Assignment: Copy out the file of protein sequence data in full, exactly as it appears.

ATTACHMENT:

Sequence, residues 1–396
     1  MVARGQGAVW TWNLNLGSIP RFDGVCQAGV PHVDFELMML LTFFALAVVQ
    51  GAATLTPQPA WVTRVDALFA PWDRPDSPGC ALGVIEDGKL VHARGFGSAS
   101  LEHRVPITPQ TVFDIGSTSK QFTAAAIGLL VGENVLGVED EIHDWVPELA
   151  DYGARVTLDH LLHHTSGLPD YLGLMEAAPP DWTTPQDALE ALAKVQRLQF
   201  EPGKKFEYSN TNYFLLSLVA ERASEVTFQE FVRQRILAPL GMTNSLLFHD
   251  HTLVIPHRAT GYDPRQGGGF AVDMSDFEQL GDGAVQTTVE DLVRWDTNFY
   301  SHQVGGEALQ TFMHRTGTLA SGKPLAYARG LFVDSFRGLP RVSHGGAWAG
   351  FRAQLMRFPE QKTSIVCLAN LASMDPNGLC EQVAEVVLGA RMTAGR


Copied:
Sequence, residues 1–396
     1  MVARGQGAVW TWNLNLGSIP RFDGVCQAGV PHVDFELMML LTFFALAVVQ
    51  GAATLTPQPA WVTRVDALFA PWDRPDSPGC ALGVIEDGKL VHARGFGSAS
   101  LEHRVPITPQ TVFDIGSTSK QFTAAAIGLL VGENVLGVED EIHDWVPELA
   151  DYGARVTLDH LLHHTSGLPD YLGLMEAAPP DWTTPQDALE ALAKVQRLQF
   201  EPGKKFEYSN TNYFLLSLVA ERASEVTFQE FVRQRILAPL GMTNSLLFHD
   251  HTLVIPHRAT GYDPRQGGGF AVDMSDFEQL GDGAVQTTVE DLVRWDTNFY
   301  SHQVGGEALQ TFMHRTGTLA SGKPLAYARG LFVDSFRGLP RVSHGGAWAG
   351  FRAQLMRFPE QKTSIVCLAN LASMDPNGLC EQVAEVVLGA RMTAGR